ENISA’s Threat Landscape Report 2022 – Part 8 – Impact of Russian war

ENISA's Threat Landscape Report 2022 - Part 8 - Impact of Russian war

The impact of Internet usage and the unrestricted dissemination of information is being felt by every individual in Europe. The internet has become an essential requirement for a significant number of people, enabling them to work, study, express their opinions freely, participate in political discourse, and interact socially.

Internet Infrastructure Physical Take-Over and Destruction

Russia has been taking active measures to seize internet infrastructure since the invasion of Ukraine. This includes diverting traffic through Russian networks, such as in the case of Kherson where local providers were forced to relinquish control and reroute mobile and internet traffic over Russian-owned networks. These actions allow Russia to control the narrative surrounding the war, prevent information leaks, block access to social media, and perform surveillance activities.

Ukraine’s cellular networks are being shut down, forcing residents to use Russian mobile service providers. Additionally, there are reports of the destruction of communication infrastructure. According to the Ukrainian government, as of June 2022, approximately 15% of the internet infrastructure had been destroyed. To ensure the operations of the country’s critical infrastructure, the Ministry of Digital Transformation is exploring alternative means, such as the use of satellite internet systems (Starlink).

Active Censoring

Around 3,000 websites have been subjected to blocks in Russia since February 2022, primarily related to the Russian invasion of Ukraine. The list of high-profile news and social media websites that have been blocked includes Instagram, Facebook, Twitter, Google News, BBC News, NPR, Die Welt, The Telegraph, Bellingcat, and Amnesty International, with around a thousand of these websites being Ukrainian.

To measure various forms of internet censorship, volunteers in approximately 160 countries use OONI Probe, a software that collects and publishes real-time data. According to data analysis of Russian traffic, the most commonly used method for censorship is the injection of a RST packet following the initial phase of the TLS handshake, followed by DNS-based filtering. Since December 2021, Tor has also been subject to blocking, with 15 out of 65 tested AS networks indicating that Tor is being blocked, although it is still accessible on most networks in Russia.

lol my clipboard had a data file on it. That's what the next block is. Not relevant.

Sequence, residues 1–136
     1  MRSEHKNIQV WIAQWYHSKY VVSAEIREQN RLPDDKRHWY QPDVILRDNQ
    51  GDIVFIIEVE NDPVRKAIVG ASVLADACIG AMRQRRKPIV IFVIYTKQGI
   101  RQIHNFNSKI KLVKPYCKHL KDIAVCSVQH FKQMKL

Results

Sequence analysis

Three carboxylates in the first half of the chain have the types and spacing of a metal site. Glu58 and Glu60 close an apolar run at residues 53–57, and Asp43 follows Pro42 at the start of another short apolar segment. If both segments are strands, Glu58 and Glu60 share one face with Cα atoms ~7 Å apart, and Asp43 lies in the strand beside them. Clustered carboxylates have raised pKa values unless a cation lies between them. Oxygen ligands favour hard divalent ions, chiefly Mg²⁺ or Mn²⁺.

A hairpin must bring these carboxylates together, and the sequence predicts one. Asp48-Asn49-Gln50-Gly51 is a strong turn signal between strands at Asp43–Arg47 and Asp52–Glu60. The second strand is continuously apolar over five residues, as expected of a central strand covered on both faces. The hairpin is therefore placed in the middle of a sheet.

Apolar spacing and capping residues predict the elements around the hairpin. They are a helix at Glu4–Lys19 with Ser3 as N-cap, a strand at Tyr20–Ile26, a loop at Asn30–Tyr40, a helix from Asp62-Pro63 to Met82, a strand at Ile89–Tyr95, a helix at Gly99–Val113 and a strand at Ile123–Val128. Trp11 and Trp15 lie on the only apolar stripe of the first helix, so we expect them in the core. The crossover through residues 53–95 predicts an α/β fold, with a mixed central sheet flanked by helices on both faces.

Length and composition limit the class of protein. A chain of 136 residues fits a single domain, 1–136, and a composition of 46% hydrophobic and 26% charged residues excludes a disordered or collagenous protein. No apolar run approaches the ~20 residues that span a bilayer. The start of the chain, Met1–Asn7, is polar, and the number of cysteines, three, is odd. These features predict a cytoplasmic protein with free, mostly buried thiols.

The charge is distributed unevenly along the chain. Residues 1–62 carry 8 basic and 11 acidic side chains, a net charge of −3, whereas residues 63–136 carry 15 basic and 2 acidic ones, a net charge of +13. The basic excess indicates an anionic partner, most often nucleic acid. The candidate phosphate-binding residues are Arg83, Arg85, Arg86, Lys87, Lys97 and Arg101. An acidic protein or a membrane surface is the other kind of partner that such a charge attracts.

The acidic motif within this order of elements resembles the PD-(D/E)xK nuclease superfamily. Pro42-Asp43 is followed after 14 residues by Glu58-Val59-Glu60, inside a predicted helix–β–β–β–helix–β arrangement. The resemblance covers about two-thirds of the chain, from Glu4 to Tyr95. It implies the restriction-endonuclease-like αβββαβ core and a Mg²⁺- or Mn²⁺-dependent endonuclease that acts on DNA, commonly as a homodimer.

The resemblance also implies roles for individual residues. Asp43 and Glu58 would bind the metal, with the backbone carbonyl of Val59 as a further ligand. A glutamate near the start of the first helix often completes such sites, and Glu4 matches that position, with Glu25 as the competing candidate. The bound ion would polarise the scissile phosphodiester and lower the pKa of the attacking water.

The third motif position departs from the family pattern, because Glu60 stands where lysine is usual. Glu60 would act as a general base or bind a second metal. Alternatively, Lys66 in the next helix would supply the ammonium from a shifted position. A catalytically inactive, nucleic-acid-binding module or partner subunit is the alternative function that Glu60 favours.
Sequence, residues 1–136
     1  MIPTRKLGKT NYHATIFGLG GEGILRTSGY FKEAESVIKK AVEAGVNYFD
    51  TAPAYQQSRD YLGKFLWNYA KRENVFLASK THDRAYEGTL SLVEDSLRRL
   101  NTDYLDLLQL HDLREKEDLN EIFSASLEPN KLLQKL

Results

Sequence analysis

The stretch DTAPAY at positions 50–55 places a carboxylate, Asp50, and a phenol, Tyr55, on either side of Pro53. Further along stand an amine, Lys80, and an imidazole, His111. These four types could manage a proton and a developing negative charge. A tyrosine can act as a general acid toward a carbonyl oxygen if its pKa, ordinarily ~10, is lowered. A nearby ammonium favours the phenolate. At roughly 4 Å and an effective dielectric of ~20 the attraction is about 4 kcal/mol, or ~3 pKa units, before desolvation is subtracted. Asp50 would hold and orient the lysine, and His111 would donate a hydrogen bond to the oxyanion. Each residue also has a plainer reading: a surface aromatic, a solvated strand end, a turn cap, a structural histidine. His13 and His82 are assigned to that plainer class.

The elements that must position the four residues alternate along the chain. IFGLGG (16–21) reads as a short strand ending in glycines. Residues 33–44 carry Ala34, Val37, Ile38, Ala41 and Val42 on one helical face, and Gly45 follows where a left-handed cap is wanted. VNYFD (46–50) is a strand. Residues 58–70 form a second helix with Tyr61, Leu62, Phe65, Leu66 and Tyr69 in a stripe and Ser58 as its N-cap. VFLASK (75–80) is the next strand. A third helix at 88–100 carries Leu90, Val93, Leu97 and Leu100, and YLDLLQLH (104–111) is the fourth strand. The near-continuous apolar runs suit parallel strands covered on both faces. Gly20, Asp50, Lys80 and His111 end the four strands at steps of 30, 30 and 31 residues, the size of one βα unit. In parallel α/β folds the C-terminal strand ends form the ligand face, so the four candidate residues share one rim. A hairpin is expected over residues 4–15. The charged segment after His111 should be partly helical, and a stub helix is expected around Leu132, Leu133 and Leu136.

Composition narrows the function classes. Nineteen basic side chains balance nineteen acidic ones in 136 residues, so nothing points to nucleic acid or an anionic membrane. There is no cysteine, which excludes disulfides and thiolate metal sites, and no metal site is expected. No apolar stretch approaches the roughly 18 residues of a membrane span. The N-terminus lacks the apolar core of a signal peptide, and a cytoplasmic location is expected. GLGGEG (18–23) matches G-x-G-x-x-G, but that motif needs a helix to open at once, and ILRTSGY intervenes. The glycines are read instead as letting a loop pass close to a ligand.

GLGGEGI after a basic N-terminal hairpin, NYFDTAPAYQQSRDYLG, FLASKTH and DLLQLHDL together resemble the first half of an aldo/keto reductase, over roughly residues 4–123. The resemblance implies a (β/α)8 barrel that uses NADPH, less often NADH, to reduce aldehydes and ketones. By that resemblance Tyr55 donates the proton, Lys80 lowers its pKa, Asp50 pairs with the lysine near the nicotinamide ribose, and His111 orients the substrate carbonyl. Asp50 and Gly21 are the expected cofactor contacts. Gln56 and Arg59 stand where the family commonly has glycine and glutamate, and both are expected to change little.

In response to disinformation on Ukraine, Europe announced the suspension of media broadcasting activities of Sputnik and RT in the EU. While the decision pertains to the media broadcasting activities of RT, some European countries and social media platforms are also blocking access to the websites of Russian outlets.

State-owned Certificate Authority

After the war in Ukraine, many western governments imposed sanctions on Russia. Sanctions on financial institutions prevented Russian users from renewing their TLS certificates, resulting in many websites presenting expired certificates, leading to untrusted connections for the user. In response, the Russian Ministry of Digital Development began offering a free alternative for legal entities in Russia to create a certificate.

Certificate authorities issue certificates and are considered trusted parties when vetted. However, when the state owns the certificate authority (CA), it becomes straightforward for them to perform HTTPS traffic interception and man-in-the-middle attacks on its citizens. Due to ongoing attacks and the global lack of trust in Russia as a partner, the CA is only trusted on two browsers, Yandex and Atom. Any other web browser will warn or prevent a user from accessing the website. For end-users in Russia, the limitations on purchasing certificate renewals have negatively impacted their internet security and privacy.

BGP Hijacking

BGP hijacking is a technique used by attackers to manipulate internet traffic, by falsely announcing ownership of IP prefixes, which are groups of IP addresses. This can result in incorrect routing, data interception, blackholing, or redirection to another website. In blackholing, the data is dropped from the network. BGP hijacking can have a significant impact, as erroneous announcements can spread beyond the original target area. Sometimes, BGP hijacking incidents can also result from misconfigurations, making it challenging to determine if an incident is malicious or unintentional.

In February 2021, attackers used BGP hijacking to steal nearly two million dollars from the South Korean cryptocurrency platform KLAYswap. They targeted the server infrastructure of one of its providers, KakaoTalk, by falsely advertising ownership of one of its websites. During the two-hour hijack, the attackers served a malicious JavaScript SDK file. When a transaction was detected on the platform, the added code hijacked the funds and sent them to the attacker’s wallet.

In March 2022, Twitter was briefly hijacked through a Russian ISP, which was believed to be the result of a misconfiguration.


About this article
This article was written based on the ENISA’s Threat Landscape Report 2022. To read the full version of the report click here.

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